Are You Taking a 360 Degree View of Content Marketing?
Creating content that relates to customers and builds engagement has consistently been the top challenge for marketing departments. Many marketers feel like they're just shooting in the dark in terms of content marketing — sometimes it works and sometimes it doesn’t. This is especially true for teams that are trying to increase sales by building brand authority in their industry.
So here are some critical questions that CMOs and content managers can ask themselves to determine if their strategy is on the right track, confirm whether they’re sticking to the fundamentals and make sure they aren’t making any obvious mistakes.
Is Your Messaging in Tune With Industry Buzz?
Keeping your company’s marketing content relevant and interesting doesn’t mean that you should pursue every trend that passes by. However, that doesn’t mean you can simply dismiss all of them either. Content must either be unique or refer to current events fresh in people’s minds in order to keep their attention, regardless of how informative it is. By keeping up with the latest news and updates specific to your industry or niche, you could be one of the first outlets to provide an opinion on them.
Great content marketing and SEO go hand-in-hand, so in order to make your content seen and heard, it must include the terms, slang and even jargon that might draw in relevant audiences. By keeping up with the latest conversations and expressions being thrown around, you can tweak your content to identify more closely with your target audience.
Google’s Trends tool can help you monitor the keywords and topics being searched for and discussed online. It also shows you the volume of these searches and how fast interest in a given topic is rising or waning.
Don’t just latch on to any topic that is trending in your area of reference. Be sure that it is relevant to an audience in your niche and that you understand what it is all about, and are able to share insights or at least use it in an entertaining way
Once you find the kind of themes and issues that your pique your audience’s interests, you can nail down a direction and certain ideas around which to build your brand messaging.
Are You Letting Your Audience Guide Your Content Strategy?
In order to let your audience and customers drive your ideation and approach, you must make sure you know them through and through, so that you can create the most relevant and engaging content. This is best done by formulating audience personas to help get into the mind of your typical consumer. You will need to delve deep into the demographics and analytical data to create generalizations about the type of people that follow your brand.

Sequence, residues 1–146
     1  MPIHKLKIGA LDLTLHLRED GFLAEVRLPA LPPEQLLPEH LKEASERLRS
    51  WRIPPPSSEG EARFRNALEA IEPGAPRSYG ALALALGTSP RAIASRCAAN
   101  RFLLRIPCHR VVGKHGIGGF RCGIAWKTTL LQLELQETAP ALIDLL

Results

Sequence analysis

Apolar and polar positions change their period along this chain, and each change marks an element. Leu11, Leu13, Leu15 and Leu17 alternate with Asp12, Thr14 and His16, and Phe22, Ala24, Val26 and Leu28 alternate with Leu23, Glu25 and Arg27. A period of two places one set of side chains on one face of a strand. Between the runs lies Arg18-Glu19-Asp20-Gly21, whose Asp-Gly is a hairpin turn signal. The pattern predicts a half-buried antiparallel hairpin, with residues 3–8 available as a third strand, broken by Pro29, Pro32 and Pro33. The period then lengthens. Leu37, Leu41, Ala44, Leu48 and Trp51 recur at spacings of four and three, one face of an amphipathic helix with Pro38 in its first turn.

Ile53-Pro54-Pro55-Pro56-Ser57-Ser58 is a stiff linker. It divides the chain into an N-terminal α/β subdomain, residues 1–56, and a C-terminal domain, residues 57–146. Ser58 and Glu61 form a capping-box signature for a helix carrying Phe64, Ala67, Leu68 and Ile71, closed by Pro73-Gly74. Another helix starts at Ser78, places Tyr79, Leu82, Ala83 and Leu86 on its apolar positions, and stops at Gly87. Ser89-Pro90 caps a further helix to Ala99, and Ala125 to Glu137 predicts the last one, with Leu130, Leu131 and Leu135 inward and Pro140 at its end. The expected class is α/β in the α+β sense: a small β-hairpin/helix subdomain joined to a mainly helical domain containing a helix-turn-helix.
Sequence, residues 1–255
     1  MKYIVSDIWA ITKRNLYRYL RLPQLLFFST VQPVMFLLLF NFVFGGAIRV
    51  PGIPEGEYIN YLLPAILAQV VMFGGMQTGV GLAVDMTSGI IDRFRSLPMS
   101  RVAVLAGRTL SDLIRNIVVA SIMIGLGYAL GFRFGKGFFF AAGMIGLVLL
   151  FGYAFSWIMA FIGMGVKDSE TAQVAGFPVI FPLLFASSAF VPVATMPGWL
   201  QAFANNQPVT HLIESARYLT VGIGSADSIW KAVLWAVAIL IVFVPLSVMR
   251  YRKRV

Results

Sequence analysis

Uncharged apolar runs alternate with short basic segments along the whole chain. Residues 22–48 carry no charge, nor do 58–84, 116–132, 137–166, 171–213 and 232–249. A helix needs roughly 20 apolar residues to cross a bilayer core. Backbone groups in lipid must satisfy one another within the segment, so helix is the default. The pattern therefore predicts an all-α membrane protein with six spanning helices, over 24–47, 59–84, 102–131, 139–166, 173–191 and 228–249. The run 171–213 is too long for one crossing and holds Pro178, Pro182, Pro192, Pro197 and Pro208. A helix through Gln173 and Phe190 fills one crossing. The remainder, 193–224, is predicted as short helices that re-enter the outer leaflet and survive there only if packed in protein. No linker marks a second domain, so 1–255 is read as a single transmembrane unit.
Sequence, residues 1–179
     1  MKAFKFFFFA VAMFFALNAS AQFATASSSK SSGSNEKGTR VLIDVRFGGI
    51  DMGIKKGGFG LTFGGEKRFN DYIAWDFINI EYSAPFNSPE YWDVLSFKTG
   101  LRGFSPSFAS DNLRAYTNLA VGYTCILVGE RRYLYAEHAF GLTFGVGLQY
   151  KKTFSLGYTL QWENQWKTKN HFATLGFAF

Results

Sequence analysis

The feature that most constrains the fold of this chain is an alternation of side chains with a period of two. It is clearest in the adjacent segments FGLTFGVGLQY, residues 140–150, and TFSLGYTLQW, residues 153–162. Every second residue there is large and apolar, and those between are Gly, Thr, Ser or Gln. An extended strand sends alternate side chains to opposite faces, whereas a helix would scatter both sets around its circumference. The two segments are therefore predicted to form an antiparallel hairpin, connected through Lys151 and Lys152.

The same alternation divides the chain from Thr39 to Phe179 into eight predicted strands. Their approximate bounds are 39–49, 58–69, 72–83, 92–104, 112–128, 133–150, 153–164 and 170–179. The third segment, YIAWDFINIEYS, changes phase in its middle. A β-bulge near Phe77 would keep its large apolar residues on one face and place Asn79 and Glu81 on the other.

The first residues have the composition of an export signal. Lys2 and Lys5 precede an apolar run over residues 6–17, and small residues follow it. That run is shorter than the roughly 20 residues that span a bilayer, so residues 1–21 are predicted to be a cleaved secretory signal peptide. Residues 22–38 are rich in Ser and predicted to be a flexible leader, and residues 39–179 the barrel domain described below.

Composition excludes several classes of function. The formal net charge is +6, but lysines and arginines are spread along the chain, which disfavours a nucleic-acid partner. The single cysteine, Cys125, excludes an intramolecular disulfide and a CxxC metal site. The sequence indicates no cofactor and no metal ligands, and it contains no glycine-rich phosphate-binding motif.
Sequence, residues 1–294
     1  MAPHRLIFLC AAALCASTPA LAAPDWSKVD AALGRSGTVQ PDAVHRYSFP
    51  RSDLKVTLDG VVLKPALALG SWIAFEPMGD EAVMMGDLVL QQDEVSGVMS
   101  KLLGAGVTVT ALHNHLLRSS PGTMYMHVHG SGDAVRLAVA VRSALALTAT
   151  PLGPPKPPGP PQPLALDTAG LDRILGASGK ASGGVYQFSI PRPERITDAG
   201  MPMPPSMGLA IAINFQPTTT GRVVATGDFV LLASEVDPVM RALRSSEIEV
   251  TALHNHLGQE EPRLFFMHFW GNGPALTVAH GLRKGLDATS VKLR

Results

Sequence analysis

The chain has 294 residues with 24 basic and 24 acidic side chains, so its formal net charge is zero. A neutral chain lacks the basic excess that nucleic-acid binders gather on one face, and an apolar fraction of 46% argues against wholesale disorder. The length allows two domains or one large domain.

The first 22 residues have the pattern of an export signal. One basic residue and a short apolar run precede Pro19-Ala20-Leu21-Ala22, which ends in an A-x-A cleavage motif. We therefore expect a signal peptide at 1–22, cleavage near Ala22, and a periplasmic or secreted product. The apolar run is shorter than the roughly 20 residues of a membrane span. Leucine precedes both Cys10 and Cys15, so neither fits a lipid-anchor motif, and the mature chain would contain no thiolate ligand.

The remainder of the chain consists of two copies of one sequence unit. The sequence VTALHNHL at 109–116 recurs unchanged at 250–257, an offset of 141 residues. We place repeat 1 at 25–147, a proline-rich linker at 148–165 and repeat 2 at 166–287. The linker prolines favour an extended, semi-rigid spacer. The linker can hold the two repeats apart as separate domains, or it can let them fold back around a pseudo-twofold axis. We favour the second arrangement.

- What do they look like?
- How do they speak?
- What buzzwords are they familiar with?
- Where and how do they consume content?
- What industries do they work in?
Create multiple personas. These generalities can then be used to guide content by focusing on the subjects that would likely appeal to these different personas. For example, Customer A may be more interested in the nitty-gritty details of your industry, while Customer B might be more interested in learning practical ways to use your products or services. Customer A might place a premium on your brand experience while Customer B might just be looking for the cheapest product around.
Perhaps the most important ingredient to a fresh content strategy is simply knowing who you are communicating with and how to do so effectively.
Are You Analyzing Visitor Behavior on Your Website to Understand Intent?
The role of big data in content marketing cannot be underestimated. To stay competitive, businesses and marketers need to understand that they’re operating in a competitive environment that needs constant adjusting and optimization. Whenever a landing page is tied to a piece of content, blog post, email or even social media update, you need to know exactly how it performs in relation to your goals.
Before you even begin designing or optimizing your landing page, you must first ask yourself: why are customers coming to this specific page? What do they intend to get out of it and what are they looking for?
Marketers need not wait for coders or designers to develop or customize a landing page. Tools such as Landingi offer easy ways to add a quick page with forms, text boxes, drop downs, buttons and other elements to help you optimize your marketing funnel and automate the user workflow on your site.